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BATMAN CONFIDENTIAL #28

Author: John Bierly
Friday, April 10, 2009

OFFICIAL SYNOPSIS: "'New Dawn' Part 3 of 3! Forced to work side by side, Batman and the Riddler may end up together forever…trapped inside King Tut's Tomb! Concluding Batman's first comic book encounter with the cursed King Tut!"

Lawfully wedded writers Christina Weir and Nunzio DeFilippis continue -- and unfortunately conclude -- their fine, fun, three-issue run on BATMAN CONFIDENTIAL with the just-released issue #28. And it's great.

For those just tuning in, Weir and DeFilippis decided to bring King Tut from the old Adam West TV show into modern comics continuity. I initially scoffed when I heard that, and I owe these delightful scribes an apology for doubting them. (In my defense, I was initially worried because most of the previous stories in this title haven't exactly inspired confidence.)

This has easily been my best-reviewed CONFIDENTIAL storyline ever. And like I said when I reviewed the first issue, the only "camp" in "A New Dawn" is of the Crystal Lake variety. The mysterious King Tut has been killing off museum executives with a goal that became clear in last month's excellent issue, and he's proven more than a match for Batman's physicality and The Riddler's dizzying intellect.

Yes, Batman is teamed with The Riddler. And it works. And it makes sense. Because even though Batman's smart enough to figure out riddles, he knows The Riddler is smart enough to anticipate them. (And The Riddler reminds him of this. Often.) The writers have really written this "partnership" well. Of course The Riddler annoys Batman, and of course it makes witnesses nervous to see Batman hanging around with a known bad guy, but people are dying and Batman is all about results. Period. (That's what I like about Batman in the Nolan movies, for example. He's a loner to a certain point, but he's also smart enough to know when to count on a Jim Gordon or a Lucius Fox. And Alfred, too, of course.)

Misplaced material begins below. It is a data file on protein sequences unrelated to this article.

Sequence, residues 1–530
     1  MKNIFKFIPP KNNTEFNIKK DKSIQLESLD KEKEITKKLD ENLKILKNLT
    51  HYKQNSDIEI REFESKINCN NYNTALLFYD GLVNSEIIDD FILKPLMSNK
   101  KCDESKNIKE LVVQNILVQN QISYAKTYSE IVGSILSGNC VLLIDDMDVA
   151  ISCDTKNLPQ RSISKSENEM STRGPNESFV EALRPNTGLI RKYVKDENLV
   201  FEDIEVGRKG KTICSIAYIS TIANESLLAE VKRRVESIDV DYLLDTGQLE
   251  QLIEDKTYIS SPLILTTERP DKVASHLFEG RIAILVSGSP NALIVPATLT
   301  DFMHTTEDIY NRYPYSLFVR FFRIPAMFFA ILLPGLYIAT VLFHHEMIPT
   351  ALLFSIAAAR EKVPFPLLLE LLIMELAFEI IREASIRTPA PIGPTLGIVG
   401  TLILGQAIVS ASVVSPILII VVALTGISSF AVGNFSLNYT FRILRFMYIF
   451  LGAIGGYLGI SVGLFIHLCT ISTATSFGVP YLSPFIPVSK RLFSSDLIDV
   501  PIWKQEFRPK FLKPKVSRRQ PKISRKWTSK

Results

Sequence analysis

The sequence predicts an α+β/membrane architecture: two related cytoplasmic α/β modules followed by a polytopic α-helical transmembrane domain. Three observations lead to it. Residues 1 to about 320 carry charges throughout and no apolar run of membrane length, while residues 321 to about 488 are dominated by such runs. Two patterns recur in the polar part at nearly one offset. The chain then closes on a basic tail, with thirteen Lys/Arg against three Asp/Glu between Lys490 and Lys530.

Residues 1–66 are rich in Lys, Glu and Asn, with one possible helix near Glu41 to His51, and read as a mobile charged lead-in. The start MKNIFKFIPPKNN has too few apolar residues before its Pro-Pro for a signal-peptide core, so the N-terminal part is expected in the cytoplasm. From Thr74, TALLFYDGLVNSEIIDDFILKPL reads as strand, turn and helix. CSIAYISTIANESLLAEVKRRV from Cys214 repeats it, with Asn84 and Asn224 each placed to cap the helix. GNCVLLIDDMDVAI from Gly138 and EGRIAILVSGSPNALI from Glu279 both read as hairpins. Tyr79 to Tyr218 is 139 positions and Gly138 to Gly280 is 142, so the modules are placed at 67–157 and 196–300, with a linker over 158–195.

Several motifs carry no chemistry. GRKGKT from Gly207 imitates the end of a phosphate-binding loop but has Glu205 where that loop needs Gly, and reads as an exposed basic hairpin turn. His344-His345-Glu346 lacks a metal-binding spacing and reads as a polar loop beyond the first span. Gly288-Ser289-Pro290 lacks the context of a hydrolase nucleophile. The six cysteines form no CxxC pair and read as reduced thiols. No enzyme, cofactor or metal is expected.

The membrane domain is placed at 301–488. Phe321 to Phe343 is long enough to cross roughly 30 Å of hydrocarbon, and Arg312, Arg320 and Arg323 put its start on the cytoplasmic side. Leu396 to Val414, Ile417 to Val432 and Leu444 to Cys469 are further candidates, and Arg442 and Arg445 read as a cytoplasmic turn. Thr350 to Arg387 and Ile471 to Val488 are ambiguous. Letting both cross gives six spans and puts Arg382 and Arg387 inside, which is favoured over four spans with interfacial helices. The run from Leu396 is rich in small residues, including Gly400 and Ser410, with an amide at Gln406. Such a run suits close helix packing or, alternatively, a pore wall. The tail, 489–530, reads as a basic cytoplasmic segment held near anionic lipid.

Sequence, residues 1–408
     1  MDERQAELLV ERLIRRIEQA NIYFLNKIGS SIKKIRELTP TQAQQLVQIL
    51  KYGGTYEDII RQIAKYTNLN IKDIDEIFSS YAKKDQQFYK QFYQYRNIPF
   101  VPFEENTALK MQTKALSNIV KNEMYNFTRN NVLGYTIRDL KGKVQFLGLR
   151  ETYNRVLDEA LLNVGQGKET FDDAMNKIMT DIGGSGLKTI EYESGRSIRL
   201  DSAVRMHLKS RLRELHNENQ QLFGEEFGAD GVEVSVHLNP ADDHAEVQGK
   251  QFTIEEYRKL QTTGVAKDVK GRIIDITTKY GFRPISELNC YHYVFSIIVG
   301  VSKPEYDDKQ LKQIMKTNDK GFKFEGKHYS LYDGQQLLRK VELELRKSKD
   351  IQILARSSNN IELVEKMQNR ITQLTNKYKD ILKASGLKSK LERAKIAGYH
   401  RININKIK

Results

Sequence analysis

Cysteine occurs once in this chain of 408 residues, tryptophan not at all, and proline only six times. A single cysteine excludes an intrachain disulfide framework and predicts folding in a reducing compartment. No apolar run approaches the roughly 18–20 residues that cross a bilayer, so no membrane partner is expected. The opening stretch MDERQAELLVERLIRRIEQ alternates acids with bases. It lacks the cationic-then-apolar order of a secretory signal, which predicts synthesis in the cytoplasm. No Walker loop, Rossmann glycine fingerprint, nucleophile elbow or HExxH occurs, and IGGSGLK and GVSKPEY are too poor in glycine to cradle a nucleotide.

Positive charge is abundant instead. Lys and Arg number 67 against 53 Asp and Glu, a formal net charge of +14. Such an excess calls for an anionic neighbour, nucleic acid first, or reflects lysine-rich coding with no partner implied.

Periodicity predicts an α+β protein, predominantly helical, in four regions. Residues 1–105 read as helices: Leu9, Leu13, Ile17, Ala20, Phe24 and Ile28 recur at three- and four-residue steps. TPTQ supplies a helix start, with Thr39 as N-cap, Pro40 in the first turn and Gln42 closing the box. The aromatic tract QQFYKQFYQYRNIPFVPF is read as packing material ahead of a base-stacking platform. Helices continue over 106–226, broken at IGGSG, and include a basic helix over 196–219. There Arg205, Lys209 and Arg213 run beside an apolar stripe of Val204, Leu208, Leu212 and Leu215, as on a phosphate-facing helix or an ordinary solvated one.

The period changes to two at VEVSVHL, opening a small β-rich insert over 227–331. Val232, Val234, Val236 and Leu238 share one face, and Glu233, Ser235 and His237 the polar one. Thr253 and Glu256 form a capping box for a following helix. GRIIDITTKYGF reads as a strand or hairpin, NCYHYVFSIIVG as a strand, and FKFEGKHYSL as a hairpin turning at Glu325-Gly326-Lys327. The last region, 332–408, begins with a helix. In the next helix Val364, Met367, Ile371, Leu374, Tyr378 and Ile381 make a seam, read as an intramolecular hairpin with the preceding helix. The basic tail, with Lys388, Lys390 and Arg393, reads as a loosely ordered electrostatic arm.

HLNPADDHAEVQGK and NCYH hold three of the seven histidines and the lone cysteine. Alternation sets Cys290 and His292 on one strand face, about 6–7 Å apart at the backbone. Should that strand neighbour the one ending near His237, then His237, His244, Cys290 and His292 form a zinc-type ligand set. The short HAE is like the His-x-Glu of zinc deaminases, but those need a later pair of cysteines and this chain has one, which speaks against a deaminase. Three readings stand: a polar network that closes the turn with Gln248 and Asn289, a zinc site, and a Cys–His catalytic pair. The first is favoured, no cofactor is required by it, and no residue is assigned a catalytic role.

We last left Batman and The Riddler in an explosive trap set by Tut to blow them up. But you have to wake up pretty early in the morning to blow up Batman, so it's not exactly a spoiler to reveal that he and The Riddler survive the blast. (Tut should have tried to zap him into the prehistoric past of another dimension. I hear that works. Whammy!)

Someone who might

not survive is Tut's last surviving target, Leigh Carson, who faces danger by lounging around in some of the hottest lingerie ever to grace a pencilled page. Can Batman save her in time? Will The Riddler follow through with his promise to help Batman, or will his lesser tendencies get the better of him when opportunity quite literally strikes? And why did the moment in STARGATE where Kurt Russell says, "Give my regards to King Tut, a$$h-le," just pop into my head?

I really can't say enough good things about this story. As good as the first two issues were, the third and final chapter is even better. The action is HUGE, with Weir and DeFilippis using the ancient Egyptian angle to create some awesome Indiana Jones action sequences. Mystery! Murder! Intrigue! And lots of Batman being Batman.

And I could give you a list of all my favorite fun and clever quotes and dialogue exchanges, but it would be like trying to tell somebody all the funny parts from an episode of THE OFFICE. It's better just to sit them down and show them. So please buy these three issues (#s 26-28) and find out for yourself, and let's show DC Comics that we want more good stories featuring Bruce Wayne as Batman. (I can't believe we even have to ask for that in the first place -- it's like having to ask for a peanut butter and jelly sandwich with peanut butter on it.)

Just as awesome as the writing here is the art by legendary pencils/inks dream team Jose Luiz Garcia-Lopez and Kevin Nowlan, with dynamic colors by David Baron. It has the fluid movement that Neal Adams used to do so well, and Garcia Lopez particularly does great facial work. You can see The Riddler playing all the angles in his brain, and you can feel Batman's detective gears grinding underneath his cowl.

The book ends with a delicious twist teasing that even though this story is over, it's only over for now. And I really, really, really want it to continue. The whole thing looks, feels, and plays like a 1970s issue of DETECTIVE COMICS, and I love that about it.

I think you'll love it, too. So big thanks to this creative team for reminding us why we love Batman when DC is trying to hard to convince us that their billion-dollar hero is a better caveman than a Caped Crusader. Pffffffffft. - John Bierly

Indiana native John Bierly started writing for publications when he was 17 and never stopped.
His favorite things in life are family and friends, concerts, burgers, Mountain Dew, and of course...
...THE BATMAN!
You can read his blog at JOHNBIERLY.COM.



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